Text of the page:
Closing the communications gap requires investments on both sides of the equation. Employers and education providers must work together to ensure the signals are accurate, clear, and verifiable. As the use of digital credentials expands, job seekers will gain unprecedented insight into the link between what they learn and the sort of employment opportunities that exist in their community -- or around the country. And for employers, the improved signal-to-noise ratio means a higher percentage of qualified applicants for each job opening, and improved ability of hiring managers to identify the best candidates for their position.
Technology has transformed a lot of the things we do at work, but learning and development (L&D) has mostly stuck with the status quo. To attract and retain necessary talent, employers would be wise to nurture a learning culture and revisit their L&D strategy to make learning a strategic asset.
As the U.S. economy struggles to break out of economic stagnation, these investments in the different phases of education are indeed crucial, however greater attention should be paid to the role adult education programs play in sustaining and growing American commerce. Only by making these success stories more public and well known can we better position adult education advocates to make their case and secure financial resources for these vital adult education programs.
Until very recently, caring for young children was considered a family, actually a woman’s, responsibility. But things are changing. The workforce of today looks quite different. Leading employers have identified this shift and recognize that acknowledging it is a winning proposition, both for their business and for America’s future. The changing nature of the workforce and shifting employee expectations provide the business community with a unique opportunity to lead the way in implementing family friendly policies that support their employees and make economic sense for the business’ bottom line.
Breaking down STEM barriers starts in the classroom, providing science, technology, engineering, and math (STEM) learning in an inclusive digital environment. And this education shouldn’t be limited to high school students. Igniting STEM interest in middle school increases girls’ STEM interest later in their education.
Economic mobility rests on the opportunities that individuals are granted or seek out. Education plays a big part of that, which is why many professionals are now looking for continuous ways to improve their skillsets. But how do you validate that people have earned what they say they've earned? The reality is that people lie about their credentials. The solution? Use advanced technology to make credentials trackable and unfakeable.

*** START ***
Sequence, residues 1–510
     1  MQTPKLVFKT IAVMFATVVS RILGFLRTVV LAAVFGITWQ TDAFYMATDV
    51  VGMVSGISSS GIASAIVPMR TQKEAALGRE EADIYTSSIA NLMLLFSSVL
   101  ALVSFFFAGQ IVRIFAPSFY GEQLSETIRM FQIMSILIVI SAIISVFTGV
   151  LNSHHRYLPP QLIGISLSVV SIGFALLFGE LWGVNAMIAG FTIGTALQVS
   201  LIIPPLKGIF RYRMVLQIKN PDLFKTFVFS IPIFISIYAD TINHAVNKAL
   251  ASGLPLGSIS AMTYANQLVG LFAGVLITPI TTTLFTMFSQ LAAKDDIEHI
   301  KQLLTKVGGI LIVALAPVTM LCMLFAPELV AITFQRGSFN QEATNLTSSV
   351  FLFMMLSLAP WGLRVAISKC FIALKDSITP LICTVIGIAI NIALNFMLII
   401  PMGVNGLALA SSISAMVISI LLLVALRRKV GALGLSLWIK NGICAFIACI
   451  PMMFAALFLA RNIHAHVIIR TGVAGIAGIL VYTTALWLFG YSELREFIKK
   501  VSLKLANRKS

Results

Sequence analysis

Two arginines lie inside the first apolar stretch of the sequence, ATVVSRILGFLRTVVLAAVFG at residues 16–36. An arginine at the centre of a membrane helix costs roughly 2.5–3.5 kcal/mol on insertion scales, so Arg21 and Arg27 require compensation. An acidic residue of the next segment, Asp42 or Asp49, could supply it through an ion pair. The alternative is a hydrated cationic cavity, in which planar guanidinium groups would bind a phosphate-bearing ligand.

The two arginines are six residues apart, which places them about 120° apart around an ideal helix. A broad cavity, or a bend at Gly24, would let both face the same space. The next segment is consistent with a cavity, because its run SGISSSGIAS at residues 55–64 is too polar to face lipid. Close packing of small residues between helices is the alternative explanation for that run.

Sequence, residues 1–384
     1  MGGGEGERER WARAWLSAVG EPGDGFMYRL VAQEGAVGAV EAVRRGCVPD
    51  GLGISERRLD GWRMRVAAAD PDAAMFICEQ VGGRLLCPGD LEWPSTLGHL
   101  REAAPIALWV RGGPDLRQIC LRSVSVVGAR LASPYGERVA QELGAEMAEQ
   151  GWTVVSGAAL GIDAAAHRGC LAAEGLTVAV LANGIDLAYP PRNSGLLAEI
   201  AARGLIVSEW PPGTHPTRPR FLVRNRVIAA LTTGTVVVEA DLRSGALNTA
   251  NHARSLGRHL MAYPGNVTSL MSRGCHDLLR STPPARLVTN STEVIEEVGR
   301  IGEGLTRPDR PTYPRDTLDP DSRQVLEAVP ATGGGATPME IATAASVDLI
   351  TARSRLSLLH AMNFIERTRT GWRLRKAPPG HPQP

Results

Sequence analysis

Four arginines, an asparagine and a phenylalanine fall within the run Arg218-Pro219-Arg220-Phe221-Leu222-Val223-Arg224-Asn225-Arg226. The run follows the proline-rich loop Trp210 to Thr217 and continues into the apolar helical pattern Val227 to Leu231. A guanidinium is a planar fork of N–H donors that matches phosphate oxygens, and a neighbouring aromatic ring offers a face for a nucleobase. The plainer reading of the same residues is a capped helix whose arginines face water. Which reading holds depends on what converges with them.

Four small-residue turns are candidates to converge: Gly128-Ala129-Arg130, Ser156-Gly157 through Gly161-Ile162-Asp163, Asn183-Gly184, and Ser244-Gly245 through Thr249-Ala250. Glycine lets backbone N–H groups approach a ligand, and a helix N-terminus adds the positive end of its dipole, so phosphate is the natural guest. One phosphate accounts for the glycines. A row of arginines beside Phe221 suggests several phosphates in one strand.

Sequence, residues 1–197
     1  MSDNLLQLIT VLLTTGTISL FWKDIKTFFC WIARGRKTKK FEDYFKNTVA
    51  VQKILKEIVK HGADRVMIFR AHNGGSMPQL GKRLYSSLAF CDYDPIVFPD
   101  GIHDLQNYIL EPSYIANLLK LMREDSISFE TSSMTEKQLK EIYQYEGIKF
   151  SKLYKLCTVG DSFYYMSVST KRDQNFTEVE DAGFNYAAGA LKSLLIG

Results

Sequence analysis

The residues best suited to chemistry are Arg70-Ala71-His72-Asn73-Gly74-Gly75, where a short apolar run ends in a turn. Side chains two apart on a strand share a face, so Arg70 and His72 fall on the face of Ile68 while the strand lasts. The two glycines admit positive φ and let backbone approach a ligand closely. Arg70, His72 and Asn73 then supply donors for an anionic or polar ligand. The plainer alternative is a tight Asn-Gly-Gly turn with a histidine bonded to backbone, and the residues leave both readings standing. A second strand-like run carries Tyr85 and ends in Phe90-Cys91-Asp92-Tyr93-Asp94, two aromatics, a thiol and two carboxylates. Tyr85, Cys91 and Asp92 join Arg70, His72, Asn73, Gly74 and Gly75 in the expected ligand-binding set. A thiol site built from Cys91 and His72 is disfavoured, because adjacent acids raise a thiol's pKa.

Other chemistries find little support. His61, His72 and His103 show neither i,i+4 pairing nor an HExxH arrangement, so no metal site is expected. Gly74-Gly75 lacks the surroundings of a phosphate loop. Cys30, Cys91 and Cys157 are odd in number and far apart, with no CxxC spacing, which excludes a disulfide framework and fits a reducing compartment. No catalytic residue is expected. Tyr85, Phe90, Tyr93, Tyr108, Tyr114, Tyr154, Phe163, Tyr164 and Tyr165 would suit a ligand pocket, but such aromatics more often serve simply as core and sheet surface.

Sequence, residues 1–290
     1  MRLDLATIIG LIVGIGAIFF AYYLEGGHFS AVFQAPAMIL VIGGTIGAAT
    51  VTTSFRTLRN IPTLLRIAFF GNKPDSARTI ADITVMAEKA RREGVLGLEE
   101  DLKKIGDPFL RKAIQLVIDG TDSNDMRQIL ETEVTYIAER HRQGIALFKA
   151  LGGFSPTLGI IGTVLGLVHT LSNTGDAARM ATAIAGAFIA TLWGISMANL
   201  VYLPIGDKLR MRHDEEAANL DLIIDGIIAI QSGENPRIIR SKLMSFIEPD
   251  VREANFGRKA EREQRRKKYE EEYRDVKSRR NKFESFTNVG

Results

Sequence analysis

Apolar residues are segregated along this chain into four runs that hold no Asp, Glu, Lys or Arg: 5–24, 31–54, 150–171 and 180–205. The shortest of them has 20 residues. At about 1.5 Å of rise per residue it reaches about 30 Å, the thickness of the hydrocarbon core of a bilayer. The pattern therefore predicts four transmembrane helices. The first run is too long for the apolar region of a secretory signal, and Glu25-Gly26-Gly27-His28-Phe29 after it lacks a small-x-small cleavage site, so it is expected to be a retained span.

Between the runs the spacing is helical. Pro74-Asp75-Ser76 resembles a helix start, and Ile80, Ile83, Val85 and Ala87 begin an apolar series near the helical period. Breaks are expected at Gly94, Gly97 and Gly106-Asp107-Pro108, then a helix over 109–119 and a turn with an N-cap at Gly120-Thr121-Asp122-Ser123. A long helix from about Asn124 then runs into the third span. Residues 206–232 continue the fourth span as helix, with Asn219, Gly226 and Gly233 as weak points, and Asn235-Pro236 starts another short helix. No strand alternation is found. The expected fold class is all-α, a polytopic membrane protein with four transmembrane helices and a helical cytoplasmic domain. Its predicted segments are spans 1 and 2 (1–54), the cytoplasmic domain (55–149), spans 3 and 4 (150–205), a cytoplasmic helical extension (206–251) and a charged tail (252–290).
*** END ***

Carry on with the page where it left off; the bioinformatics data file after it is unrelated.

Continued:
Adult education programs are crucial to alleviating this gap and helping all Americans achieve economic and social mobility. Educate & Elevate is a national campaign to educate America about the importance of adult education in advancing career and college readiness, and making our workforce more globally competitive.
That work is going well and is spurring a more comprehensive transformation of the public schools and greater alignment between higher education programs and business needs. But the payoff is long term. Meanwhile, manufacturers have more immediate skill needs that are not being met. So, ConxusNEO is now focusing on those needs as well. The starting point for meeting those immediate skill needs is reliable and actionable information about which jobs are most difficult to fill and what skills those jobs require. But that information turns out to be in short supply, creating a missing link at a crucial point in the talent supply chain. Enter, the Talent Pipeline Management (TPM) Initiative.
Although U.S. high school graduation rates are at an all-time high, many employees enter the workforce without the skills that are truly needed to succeed. Recent studies show that essential soft skills such as punctuality, organization, and interpersonal communication are just as important as the hard skills, which now are seen as a basic minimum necessary in order to operate in a particular workplace.
From Baton Rouge to Grand Rapids, Austin to Atlanta, and finishing up in Frankfort last month, our 2017 five-city childcare roadshow is complete. We brought together business leaders, policy makers, advocates, and practitioners to discuss the critical role of high-quality early education and care in advancing the workforce of today, and the workforce of tomorrow. The events were a great success and in each state, an energized business community is eager and ready to take the lead in advancing this conversation in their own community.